The Metropolitan Area Outer Underground Discharge Channel is an underground water infrastructure project in Kasukabe, Saitama, Japan. It is the world’s largest underground flood water diversion facility, built to mitigate overflowing of the city’s major waterways and rivers during rain and typhoon seasons. It is located between Showa in Tokyo and Kasukabe in Saitama prefecture, on the outskirts of the city of Tokyo in the Greater Tokyo Area, Japan.
Work on the project started in 1992 and was completed by early 2006. It consists of five concrete containment silos with heights of 65 m and diameters of 32 m, connected by 6.4 km of tunnels, 50 m beneath the surface, as well as a large water tank with a height of 25.4 m, with a length of 177m, with a width of 78m, and with 59 massive pillars connected to 78 10 MW (13,000 hp) pumps that can pump up to 200 tons of water (the approximate equivalent of a standard 25 meter pool) into the Edo River per second.The over all costruction cost was US$2.6bn.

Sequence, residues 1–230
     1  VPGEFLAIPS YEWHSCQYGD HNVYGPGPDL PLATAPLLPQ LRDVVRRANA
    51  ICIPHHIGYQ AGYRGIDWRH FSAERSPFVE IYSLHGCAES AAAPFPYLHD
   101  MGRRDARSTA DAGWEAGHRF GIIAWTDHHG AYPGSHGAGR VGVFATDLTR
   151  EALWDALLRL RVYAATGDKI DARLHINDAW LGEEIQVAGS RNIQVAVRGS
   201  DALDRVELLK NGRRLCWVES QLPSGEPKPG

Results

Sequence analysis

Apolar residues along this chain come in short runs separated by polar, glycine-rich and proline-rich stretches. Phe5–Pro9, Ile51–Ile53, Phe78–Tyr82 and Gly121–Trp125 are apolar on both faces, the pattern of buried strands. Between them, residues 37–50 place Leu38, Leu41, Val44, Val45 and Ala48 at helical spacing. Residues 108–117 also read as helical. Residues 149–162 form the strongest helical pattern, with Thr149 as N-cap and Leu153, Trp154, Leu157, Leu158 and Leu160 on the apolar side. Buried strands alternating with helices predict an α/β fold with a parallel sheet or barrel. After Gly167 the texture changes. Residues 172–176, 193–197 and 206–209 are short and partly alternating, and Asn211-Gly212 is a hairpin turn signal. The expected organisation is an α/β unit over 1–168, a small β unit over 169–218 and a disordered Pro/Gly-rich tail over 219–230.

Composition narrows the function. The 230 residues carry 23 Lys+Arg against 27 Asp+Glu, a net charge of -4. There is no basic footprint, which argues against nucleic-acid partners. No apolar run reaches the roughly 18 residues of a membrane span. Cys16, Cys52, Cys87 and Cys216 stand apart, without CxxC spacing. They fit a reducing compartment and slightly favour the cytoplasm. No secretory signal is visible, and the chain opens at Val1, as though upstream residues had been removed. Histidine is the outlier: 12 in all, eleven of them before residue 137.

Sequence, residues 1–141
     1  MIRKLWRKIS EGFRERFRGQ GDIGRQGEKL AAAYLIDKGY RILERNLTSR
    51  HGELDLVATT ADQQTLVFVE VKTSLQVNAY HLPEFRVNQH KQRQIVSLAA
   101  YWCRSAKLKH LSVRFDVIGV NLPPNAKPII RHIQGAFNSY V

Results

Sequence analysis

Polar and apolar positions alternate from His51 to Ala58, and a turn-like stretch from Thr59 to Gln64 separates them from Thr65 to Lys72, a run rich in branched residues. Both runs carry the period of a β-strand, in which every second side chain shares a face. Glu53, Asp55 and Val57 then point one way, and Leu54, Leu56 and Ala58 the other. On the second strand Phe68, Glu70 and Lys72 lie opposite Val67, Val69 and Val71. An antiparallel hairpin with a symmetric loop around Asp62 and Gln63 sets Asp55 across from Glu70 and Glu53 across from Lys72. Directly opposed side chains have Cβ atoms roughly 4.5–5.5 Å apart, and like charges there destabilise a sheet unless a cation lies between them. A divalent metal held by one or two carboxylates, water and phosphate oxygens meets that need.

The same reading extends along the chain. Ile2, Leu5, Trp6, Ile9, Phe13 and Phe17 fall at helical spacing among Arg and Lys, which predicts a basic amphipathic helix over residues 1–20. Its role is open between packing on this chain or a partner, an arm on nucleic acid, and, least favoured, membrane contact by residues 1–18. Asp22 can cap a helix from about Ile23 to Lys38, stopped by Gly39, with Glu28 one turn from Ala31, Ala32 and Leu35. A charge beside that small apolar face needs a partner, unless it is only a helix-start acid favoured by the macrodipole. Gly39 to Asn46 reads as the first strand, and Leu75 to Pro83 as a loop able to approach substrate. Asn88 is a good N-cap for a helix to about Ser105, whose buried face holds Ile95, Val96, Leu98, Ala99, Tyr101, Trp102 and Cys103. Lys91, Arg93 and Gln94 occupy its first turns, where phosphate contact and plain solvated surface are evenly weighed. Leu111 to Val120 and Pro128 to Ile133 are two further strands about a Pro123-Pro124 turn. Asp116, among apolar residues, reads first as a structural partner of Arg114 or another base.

The facility remains dry during the dry seasons and serves as a tourist spot. The tunnel can be accessed through staircases fixed to the silos.
The tunnel was bored using the shield method in order to avoid distortions due to its depth. The work included excavation, construction of lining and muck transportation.
The vast diameter of the tunnel also necessitated the application of a closed type slurry shield method.
Modern technologies were applied for the secondary lining of the tunnel to cut the cost of construction.
Water-tightness is maintained within the tunnel with the help of internal water pressure reacting type segments.
“Ryukyukan” for Underground Exploration Museum of The Metropolitan Area Outer Underground Discharge Channel is also a tourist attraction and can be visited for free; however, as the tours are conducted in Japanese, a Japanese speaker must be present in the group to act as a translator for non-Japanese speakers.